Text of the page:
FDA regulation of Medical Device Data Systems has changed significantly over the years. This, together with the blurred line between MDDS and general health information technology, interfaces between MDDS and regulated medical devices, the actual criteria for deciding if something is classified as a Medical Device Data System, and different regulatory requirements outside the US leaves significant confusion despite FDA’s attempts to clarify their current position.
FDA’s use of the term Medical Device Data Systems (MDDS) makes it pretty clear that MDDS fit the definition of a Medical Device in medical device law and regulation. So, the real question is how does FDA choose to regulate MDDS at a given point in time or by specific staff in specific situations. At one point FDA put significant effort into ensuring that industry understood that MDDS are regulated and compliance with the 21 CFR 820 and related regulations was required and this was specifically stated in an actual classification rule 21 CFR 880 in 2011. Representatives of FDA also worked with the Association for the Advancement of Medical Instrumentation on AAMI / ANSI SW87:2012, Application Of Quality Management System Concepts To Medical Device Data Systems which was released in Jan 2013.
For Medical Device Manufacturers with experience with FDA this was taken in stride for the most part. For general providers of Health IT systems ranging from start-ups to large companies, there was significant concern and confusion.
In February 2015 FDA issued the guidance “Medical Device Data Systems, Medical Image Storage Devices, and Medical Image Communications Devices” which exempts certain types of MDDS from FDA regulation using “enforcement discretion” although the actual rule 21 CFR 880 has not been modified. Since this is discretionary FDA could change its position at any time.
In December 2016, the “21st Century Cures Act” became law and placed certain functionality outside the scope of FDA regulation, but FDA continues to evaluate how to interpret and apply this law.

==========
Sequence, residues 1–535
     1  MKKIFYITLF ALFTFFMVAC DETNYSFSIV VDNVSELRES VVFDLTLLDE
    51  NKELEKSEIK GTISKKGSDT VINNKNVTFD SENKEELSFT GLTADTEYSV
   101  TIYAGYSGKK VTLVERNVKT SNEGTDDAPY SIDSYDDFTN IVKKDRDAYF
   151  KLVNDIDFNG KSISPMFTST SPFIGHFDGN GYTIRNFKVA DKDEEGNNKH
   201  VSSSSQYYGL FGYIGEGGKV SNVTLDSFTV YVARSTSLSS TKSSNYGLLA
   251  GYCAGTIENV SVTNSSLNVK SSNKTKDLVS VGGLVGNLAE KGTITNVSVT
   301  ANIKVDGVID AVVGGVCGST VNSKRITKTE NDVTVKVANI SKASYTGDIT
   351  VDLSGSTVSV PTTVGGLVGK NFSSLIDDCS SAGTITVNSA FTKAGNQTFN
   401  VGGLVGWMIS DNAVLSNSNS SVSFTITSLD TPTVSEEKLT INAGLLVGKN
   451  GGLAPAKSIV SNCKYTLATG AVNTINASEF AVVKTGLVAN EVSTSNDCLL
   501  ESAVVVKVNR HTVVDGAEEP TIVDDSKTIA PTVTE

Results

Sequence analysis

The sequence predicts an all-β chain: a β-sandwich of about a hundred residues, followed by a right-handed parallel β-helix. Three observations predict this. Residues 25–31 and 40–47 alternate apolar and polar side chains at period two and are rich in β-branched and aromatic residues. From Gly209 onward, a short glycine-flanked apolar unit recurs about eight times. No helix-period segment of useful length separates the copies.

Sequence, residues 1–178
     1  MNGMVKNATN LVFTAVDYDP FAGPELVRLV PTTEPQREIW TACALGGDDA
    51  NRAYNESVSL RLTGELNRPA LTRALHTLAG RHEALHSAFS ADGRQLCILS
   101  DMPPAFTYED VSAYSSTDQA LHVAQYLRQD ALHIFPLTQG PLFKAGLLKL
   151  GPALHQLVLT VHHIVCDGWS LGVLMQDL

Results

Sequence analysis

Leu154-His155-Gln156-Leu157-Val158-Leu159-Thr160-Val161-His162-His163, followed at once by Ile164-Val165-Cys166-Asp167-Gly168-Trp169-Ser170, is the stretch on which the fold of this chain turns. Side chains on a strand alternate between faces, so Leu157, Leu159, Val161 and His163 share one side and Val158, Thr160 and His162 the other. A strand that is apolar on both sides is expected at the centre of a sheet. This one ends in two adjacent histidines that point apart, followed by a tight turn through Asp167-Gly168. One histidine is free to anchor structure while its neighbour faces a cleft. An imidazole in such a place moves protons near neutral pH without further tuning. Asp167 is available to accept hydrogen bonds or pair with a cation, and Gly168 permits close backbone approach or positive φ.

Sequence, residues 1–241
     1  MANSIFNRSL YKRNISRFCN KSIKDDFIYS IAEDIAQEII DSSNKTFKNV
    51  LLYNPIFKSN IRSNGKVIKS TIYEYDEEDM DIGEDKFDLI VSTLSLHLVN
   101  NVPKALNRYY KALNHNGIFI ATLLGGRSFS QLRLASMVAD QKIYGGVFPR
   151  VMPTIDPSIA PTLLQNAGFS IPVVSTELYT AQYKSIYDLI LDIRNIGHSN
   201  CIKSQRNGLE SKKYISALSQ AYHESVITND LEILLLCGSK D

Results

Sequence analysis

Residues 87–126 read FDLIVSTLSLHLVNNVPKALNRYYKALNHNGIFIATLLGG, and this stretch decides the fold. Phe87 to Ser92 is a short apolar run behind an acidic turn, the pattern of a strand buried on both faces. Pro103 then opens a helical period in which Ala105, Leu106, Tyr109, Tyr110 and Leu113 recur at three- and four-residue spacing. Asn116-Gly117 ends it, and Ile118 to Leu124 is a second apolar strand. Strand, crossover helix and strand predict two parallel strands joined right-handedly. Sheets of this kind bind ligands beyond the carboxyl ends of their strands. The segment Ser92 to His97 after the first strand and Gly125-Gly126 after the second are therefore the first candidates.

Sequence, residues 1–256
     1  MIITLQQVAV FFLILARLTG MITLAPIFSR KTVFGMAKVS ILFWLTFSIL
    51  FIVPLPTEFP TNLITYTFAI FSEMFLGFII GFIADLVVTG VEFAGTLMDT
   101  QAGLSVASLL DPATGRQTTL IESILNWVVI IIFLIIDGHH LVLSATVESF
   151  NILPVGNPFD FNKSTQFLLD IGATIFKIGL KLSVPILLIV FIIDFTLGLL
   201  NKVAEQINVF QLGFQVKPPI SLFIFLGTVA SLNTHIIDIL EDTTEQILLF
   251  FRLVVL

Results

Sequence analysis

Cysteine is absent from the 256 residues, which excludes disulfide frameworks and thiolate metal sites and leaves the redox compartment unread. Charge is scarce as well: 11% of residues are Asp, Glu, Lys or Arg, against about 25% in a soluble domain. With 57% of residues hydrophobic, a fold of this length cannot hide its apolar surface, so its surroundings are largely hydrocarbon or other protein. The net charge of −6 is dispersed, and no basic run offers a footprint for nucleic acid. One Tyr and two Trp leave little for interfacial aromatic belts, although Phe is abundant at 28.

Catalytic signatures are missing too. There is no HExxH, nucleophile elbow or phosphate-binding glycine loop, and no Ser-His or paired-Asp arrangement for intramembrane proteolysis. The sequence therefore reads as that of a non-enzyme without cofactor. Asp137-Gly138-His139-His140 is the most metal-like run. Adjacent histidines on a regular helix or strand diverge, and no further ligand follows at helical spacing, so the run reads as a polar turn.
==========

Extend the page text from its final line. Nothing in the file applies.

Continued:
So what’s a company supposed to do? The short answer is to first ensure its product really does fit FDA’s definition of MDDS under enforcement discretion, and if it does, then compliance is not currently required.
The longer answer is a bit complicated as it relates to future regulatory risk and field safety liability risk. Whether compliance with FDA regulation is a requirement or not, it is clear that MDDS presents some health risk. Since communication of medical data can result in data corruption, loss, or patient mix-up there is certainly safety risk. If patients are directly or indirectly injured as a result there are a variety of risks. Depending on the intended use of the MDDS, including the type of medical data and patients involved, risk may vary.
In addition, FDA may change their position in general or in a specific situation to address a threat to the public health. If one has developed and validated the MDDS informally with no documented design controls, safety risk management, or formal field surveillance what does one do if FDA suddenly changes its policy again. No change in the law is needed in instances of “enforcement discretion.”
While there is currently a Bill in the US congress that could move some of this “discretion” into law there are no guarantees the Bill will pass or won’t change significantly. At the same time Rule 11 in the new EU Medical Device Regulation appears to raise regulation on standalone medical devices including MDDS.
My personal recommendation varies a bit depending on the type of company developing the MDDS. If it’s a medical device company why not just follow existing internal procedures but scaled to fit the reduced regulatory risk? If it’s a small startup, rather than focus on overall FDA Medical Device compliance, use the current enforcement discretion but ensure formal risk management and software lifecycle and maintenance controls and documentation to demonstrate safety and effectiveness internally, and if needed in the future, to FDA and to other regulatory authorities.
For larger Health IT companies that can vary depending on the formality and effectiveness of current internal software and field support quality procedures. If current procedures are formal and effective then perhaps just stick with them. If not then focus on the same items as mentioned for startups but also focus on incorporating the wide range of available Health IT standards for software and requirements set by the Office of the National Coordinator for Health Information Technology (ONC) in the Department of Health and Human Services.
There is no one-size-fits all for MDDS so confusion is likely to persist. There is significant complexity in assessing the varying types of risk involved, tailoring a specific approach to ensure efficiency as well as effectiveness, and articulating the approach taken in a defensible manner both for regulatory and patient safety.